Om-Orange, as part of its errors and omissions coverage with a Europe-based insurer, had a crisis management component. But the public relations consultant retained by the carrier was completely overpowered by the viral flood. No one cared that the incriminating emails were four years old, or that the company had completely changed its ways and was now a model of responsible supply-chain management.

The company’s public relations voice was effectively stifled. There was simply not enough time for the company or its crisis management team to more fully explain the situation or the company’s complete history, and dig the company out of the hole created by the TRUTH revelations.

The most vehement reactions came from the Followers. Feeling betrayed and duped by Danny Merchant, Om-Orange customers organized public “burnings” where former Followers stripped off their Healing Hoodies and tossed them into bonfires. It was as if the intensity of the Followers’ affinity for the brand was directly proportional to their subsequent rage. Watching one such burning in Cambridge, Mass., The Witches of Barton Hall held hands and beamed as the traditional method for the destruction of ancient witches was symbolically turned on their corporate target.

Even though Om-Orange’s story ended in similar fashion to other infamous corporations such as Enron, Worldcom and Lehman Brothers, the speed of its demise was unrivaled. Within weeks, a boycott organized by former followers caused a complete collapse of sales.

Danny, who owned a controlling share of the stock, refused to leave and fought gamely to try and correct the record. But he had already become irrelevant. With the brand in tatters and sales flat-lined, the company could not even sell itself and declared Chapter 7 bankruptcy before the end of the quarter.

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The collision between the Witches and the Followers deeply felt emotions and passions created a perfect storm that inflicted mortal damage to Om-Orange’s reputation. After all, the simplest definition of a brand is the emotional connection a customer feels to the company. Some of the other key points that were raised in this scenario include:

1. Speed kills: Social networks, mobile access and other modern forms of communication have created the ability for information to be distributed almost instantaneously to just about everyone. The time it took the e-mail dialogues on TRUTH to be known around the globe and do substantial reputational damage was about a week.

2. Hackers pose multiple threats: Cyber risks are primarily thought of as related to the destruction of corporate networks, theft of customer data or corporate espionage. But given how much of modern business is now digitally documented, the damage inflicted on a company through a hack-attack is limited only by the assailants motives and imagination. The Witches were successful not only in accessing the emails but also in creating a way to make them easy to read and share.

3. Reputational risks can be fatal: Even if it doesn’t destroy a company, damage can be done extremely quickly and have significant negative impact on a company’s sales or stock price. Case in point – Netflix, where an unpopular business decision caused a digital uproar that translated into a full retreat and punished stock price. The stronger the emotional connection a brand generates, the more successful the brand is; but the more susceptible the company becomes to brand damage. The degree of hypocrisy evidenced in Danny Merchant’s dialogues with his risk manager was fatal because of the extreme connection the Followers felt to Om-Orange.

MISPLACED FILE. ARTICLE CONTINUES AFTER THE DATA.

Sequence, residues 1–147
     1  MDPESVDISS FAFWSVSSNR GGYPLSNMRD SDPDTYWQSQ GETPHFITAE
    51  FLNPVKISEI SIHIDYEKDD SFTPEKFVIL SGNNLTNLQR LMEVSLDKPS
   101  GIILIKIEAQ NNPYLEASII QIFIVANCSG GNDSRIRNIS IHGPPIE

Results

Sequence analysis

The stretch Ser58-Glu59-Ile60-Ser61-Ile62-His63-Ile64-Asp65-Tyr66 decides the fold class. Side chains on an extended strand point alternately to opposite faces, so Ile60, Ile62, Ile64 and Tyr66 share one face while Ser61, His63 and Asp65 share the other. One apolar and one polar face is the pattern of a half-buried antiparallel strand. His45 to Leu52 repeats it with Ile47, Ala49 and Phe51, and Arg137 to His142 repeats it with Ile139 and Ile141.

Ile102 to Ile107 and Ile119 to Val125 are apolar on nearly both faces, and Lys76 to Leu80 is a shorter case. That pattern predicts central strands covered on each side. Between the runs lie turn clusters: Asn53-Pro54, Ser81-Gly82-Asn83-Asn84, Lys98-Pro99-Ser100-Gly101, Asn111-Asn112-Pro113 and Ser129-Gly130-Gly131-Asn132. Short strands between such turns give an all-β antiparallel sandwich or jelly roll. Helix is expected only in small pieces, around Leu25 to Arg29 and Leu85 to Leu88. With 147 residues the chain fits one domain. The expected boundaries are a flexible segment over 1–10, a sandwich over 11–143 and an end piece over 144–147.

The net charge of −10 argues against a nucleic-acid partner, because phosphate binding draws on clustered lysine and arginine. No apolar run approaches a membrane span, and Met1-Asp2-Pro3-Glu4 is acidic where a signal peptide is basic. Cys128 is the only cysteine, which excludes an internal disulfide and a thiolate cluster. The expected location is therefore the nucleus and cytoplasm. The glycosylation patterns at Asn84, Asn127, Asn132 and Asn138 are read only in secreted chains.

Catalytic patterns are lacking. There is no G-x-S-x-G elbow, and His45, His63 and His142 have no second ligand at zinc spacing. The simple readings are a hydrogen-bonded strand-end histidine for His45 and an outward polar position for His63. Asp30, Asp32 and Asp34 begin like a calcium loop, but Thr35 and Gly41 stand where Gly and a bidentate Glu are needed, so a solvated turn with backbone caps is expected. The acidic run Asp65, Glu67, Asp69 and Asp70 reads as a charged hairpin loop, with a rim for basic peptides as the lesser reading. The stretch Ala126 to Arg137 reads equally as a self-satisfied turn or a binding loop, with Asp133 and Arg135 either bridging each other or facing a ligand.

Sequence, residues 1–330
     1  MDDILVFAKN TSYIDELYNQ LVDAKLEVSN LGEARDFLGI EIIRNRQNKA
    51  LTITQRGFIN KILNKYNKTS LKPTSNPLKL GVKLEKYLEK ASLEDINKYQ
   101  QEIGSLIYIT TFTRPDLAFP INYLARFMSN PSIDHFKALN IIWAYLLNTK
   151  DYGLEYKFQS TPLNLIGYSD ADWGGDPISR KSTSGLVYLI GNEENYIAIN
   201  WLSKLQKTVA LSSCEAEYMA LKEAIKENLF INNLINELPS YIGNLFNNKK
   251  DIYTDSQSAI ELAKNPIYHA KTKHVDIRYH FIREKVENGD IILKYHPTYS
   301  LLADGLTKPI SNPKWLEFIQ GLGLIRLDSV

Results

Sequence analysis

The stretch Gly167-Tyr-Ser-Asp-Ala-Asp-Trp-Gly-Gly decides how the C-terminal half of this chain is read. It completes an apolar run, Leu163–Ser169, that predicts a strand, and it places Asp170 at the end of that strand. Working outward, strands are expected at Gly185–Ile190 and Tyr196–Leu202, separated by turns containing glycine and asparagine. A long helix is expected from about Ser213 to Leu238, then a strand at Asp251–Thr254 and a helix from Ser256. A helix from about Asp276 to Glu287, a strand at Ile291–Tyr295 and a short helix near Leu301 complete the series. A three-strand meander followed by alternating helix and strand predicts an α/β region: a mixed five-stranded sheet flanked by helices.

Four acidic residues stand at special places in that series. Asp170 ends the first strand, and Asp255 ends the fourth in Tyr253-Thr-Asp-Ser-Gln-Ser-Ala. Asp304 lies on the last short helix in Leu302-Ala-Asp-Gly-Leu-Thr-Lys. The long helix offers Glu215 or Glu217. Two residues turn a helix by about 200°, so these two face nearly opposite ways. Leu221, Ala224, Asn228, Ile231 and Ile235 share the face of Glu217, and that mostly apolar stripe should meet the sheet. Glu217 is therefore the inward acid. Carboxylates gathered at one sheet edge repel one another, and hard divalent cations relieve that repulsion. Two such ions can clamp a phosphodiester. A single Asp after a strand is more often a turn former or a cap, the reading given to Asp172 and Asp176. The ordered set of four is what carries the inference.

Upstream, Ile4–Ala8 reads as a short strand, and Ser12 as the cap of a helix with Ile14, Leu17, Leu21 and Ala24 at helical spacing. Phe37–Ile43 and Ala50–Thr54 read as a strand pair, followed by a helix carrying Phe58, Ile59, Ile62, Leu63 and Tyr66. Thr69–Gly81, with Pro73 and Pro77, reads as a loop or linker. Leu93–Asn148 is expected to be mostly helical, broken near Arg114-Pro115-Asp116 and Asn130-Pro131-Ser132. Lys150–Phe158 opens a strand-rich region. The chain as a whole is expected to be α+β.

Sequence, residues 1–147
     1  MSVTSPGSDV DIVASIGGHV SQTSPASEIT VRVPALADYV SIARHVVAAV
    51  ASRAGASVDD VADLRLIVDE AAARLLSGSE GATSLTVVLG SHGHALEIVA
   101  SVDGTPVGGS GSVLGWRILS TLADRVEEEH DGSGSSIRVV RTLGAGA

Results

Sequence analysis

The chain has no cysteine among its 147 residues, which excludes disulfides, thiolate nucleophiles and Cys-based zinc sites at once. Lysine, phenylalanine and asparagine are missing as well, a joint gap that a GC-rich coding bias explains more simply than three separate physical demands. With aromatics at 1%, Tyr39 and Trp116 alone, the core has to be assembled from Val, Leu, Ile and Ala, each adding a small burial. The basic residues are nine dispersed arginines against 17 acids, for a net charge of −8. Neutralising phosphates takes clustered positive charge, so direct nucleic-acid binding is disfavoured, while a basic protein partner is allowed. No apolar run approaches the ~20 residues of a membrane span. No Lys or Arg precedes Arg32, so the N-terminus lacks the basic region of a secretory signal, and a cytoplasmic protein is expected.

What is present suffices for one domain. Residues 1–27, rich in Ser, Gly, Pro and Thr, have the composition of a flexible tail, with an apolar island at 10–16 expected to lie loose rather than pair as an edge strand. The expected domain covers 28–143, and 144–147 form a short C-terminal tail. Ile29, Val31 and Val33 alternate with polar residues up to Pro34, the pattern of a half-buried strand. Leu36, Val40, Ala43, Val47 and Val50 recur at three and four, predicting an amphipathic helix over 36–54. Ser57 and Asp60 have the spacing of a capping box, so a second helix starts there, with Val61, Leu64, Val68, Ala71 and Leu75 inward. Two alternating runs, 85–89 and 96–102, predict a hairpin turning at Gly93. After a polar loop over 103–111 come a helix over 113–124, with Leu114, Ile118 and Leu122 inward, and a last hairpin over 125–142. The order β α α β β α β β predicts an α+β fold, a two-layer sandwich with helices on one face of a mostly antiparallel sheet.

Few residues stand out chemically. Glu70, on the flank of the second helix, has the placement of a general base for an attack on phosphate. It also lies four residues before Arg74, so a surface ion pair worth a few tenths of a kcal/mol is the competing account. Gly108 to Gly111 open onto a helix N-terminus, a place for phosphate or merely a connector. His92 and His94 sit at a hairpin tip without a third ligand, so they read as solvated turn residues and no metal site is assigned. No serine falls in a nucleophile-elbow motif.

4. Assume nothing is secret: Is it really possible to create a secure communications environment? Even the U.S. government’s most secret cables and communications have been leaked. Having policies that govern your company’s complete set of communication channels should be as important a priority as any other type of corporate security. Email was a poor communication choice given the nature of the discussions between Danny Merchant and John Robinson.

5.Strong brands are the best defense: As noted in point No. 1, even aggressive crisis management approaches may not be effective due to the short amount of time available to communicate a rebuttal. A strong brand often times can be leveraged to deflect moderate criticism by buying a company time to address issues and concerns. The disclosure that Apple was tracking mobile users didn’t last longer than a few days, in part due to the trust customers have for the Apple brand.

6. Procurement – the next frontier: It’s not just reputational risk that lies in wait for companies that don’t understand the makeup of their supply chains. In the case of Om-Orange, the company’s Southeast Asian manufacturing facilities created a reputational problem. But they just as easily could present a supply-chain problem. Insurance carriers are losing patience with company’s that haven’t fully vetted their supply chains.

Dan Reynolds is editor-in-chief of Risk & Insurance. He can be reached at [email protected].